Pepe is a typical 2-year-old. He’s a happy and bubbly boy who’s always on the move. But in October 2015, when Pepe was just 6 months old, he developed a cough that wouldn’t go away. Worried, Pepe’s mother, Tiffany, decided to take her baby boy to their local emergency room, where doctors diagnosed Pepe with pneumonia.
Just a few weeks later, the cough came back and Pepe soon started having difficulty breathing. The family returned to the hospital, where a CT scan revealed a mass near Pepe’s left lung. Doctors immediately referred the family to St. Jude Children’s Research Hospital, where it was determined that Pepe suffered from a cancerous tumor called neuroblastoma.
At St. Jude, Pepe’s treatment plan included chemotherapy. Treatments invented at St. Jude have helped push the overall childhood cancer survival rate from 20% to more than 80% since it opened more than 50 years ago. St. Jude is working to drive the overall survival rate for childhood cancer to 90%, and we won’t stop until no child dies from cancer.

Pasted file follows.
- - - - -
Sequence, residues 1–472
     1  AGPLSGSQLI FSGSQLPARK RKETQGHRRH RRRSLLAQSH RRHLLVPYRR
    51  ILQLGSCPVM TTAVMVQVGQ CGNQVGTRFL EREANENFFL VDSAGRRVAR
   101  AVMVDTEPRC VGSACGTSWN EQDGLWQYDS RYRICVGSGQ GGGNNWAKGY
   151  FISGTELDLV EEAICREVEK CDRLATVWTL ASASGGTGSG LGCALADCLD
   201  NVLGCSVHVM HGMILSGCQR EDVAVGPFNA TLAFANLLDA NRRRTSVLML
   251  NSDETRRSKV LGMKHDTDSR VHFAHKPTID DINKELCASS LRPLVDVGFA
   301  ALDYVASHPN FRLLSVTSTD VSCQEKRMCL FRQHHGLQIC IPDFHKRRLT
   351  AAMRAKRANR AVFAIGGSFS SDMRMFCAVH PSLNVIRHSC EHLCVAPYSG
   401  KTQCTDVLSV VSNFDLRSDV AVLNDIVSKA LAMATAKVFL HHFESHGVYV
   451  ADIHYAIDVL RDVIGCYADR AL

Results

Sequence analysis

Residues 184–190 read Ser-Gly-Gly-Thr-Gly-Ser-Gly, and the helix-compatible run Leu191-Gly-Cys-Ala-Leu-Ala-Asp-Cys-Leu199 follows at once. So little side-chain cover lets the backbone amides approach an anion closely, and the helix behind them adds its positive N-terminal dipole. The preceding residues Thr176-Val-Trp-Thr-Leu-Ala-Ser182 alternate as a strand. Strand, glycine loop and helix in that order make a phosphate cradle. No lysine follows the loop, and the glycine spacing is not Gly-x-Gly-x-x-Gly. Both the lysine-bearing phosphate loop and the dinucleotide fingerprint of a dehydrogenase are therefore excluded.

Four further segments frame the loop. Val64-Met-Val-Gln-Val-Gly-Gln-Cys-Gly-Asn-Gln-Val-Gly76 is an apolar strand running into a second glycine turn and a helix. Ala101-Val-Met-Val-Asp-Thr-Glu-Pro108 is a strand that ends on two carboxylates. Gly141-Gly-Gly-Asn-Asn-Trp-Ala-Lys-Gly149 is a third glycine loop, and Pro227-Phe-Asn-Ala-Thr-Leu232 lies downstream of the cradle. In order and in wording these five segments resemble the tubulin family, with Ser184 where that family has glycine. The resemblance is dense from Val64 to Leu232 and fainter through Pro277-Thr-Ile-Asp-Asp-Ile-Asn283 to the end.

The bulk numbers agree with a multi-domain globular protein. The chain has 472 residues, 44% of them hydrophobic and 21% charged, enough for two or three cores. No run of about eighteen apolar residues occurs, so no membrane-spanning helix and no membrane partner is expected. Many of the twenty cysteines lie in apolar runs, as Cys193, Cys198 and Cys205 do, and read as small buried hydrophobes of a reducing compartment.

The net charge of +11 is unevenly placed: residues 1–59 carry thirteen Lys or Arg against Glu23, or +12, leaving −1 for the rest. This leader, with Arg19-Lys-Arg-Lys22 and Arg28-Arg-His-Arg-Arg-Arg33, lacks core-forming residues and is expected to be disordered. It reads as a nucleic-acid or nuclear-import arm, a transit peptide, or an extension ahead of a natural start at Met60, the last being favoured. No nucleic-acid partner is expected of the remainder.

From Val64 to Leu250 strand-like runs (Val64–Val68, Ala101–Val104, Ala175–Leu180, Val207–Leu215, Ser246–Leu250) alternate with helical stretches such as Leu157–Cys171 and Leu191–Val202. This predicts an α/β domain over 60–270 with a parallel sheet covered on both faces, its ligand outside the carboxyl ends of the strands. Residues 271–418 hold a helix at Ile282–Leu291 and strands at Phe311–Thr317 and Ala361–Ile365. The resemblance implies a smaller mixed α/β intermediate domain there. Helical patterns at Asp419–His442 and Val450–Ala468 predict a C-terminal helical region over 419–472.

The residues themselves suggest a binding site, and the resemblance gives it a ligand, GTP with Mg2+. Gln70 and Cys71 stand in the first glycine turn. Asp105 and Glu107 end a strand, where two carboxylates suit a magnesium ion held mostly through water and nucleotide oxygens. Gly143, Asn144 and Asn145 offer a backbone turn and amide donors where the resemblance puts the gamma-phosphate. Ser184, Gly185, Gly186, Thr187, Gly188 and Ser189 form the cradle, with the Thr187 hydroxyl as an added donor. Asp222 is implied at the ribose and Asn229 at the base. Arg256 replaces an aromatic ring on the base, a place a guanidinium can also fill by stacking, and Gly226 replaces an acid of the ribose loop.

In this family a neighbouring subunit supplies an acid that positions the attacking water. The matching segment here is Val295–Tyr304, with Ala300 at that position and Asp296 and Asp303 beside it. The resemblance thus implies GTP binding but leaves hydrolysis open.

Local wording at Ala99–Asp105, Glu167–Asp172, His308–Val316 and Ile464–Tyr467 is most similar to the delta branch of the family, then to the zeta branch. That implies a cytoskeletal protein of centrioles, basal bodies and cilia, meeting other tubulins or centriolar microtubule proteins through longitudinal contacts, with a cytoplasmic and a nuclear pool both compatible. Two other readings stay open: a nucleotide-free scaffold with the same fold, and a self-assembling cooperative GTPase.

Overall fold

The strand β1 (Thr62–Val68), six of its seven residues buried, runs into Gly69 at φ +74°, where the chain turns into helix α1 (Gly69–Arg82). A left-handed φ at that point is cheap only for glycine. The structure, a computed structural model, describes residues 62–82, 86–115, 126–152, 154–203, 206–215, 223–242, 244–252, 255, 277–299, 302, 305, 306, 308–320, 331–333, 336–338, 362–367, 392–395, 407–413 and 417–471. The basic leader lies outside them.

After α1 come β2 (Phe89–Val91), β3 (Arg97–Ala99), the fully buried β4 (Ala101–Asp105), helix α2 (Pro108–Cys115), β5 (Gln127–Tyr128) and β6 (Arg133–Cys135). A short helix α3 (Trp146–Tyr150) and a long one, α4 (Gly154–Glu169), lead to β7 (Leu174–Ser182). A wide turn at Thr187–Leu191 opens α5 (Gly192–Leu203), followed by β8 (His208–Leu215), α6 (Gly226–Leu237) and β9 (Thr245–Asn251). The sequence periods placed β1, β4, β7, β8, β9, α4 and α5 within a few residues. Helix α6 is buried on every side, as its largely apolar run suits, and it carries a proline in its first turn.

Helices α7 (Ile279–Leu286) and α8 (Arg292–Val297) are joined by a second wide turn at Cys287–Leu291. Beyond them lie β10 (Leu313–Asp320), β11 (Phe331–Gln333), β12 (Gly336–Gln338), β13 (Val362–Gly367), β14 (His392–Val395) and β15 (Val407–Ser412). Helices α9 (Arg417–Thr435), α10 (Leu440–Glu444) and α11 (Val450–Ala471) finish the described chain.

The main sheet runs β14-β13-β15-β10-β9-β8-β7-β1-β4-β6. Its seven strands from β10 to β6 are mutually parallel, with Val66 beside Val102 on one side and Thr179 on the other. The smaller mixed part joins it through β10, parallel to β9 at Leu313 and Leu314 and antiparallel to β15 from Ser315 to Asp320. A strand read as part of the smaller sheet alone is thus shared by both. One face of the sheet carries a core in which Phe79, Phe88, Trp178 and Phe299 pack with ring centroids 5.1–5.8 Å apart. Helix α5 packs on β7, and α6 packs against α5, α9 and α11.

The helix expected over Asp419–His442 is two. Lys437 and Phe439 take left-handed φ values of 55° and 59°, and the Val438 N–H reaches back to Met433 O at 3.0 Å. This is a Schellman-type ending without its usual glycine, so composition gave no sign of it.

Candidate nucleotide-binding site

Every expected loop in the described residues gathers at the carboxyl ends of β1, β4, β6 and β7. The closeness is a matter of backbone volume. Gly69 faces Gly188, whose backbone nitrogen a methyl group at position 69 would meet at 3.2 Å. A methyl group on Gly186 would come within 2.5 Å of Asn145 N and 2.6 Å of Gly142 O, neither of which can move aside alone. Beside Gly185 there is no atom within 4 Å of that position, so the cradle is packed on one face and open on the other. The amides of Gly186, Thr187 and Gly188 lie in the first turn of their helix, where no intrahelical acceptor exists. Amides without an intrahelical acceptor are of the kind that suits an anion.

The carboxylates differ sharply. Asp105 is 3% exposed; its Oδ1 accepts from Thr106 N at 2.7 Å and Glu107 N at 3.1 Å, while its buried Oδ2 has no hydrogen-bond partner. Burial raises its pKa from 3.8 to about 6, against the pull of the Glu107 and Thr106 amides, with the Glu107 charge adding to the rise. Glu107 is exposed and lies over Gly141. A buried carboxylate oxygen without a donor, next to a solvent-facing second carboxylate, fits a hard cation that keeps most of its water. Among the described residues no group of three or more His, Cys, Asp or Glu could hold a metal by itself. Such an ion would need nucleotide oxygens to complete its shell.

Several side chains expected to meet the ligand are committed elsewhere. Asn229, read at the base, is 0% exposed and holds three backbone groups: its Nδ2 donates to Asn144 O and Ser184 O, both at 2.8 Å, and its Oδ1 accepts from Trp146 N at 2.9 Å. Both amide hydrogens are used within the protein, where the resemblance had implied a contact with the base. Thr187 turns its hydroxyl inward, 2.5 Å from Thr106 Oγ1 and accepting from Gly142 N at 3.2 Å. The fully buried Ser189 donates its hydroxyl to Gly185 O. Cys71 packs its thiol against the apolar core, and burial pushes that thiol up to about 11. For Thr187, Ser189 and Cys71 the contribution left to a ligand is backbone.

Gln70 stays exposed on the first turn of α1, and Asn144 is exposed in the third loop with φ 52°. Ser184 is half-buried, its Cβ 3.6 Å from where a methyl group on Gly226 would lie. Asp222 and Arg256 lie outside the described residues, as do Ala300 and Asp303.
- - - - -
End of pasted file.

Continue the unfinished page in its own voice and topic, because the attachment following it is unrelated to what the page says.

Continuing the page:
Being at St. Jude and learning about the survival rate was reassuring. I knew that my son was in the hands of great doctors and nurses who were going to help him get to where he needs to be.
Pepe responded well to treatment and now returns to St. Jude for regular checkup appointments. He’s a happy boy who loves to play with his older brother and sister. “Even during treatment, Pepe always had a smile on his face,” said Tiffany. “He made us stronger.”
St. Jude patient Pepe with his aunt and grandmother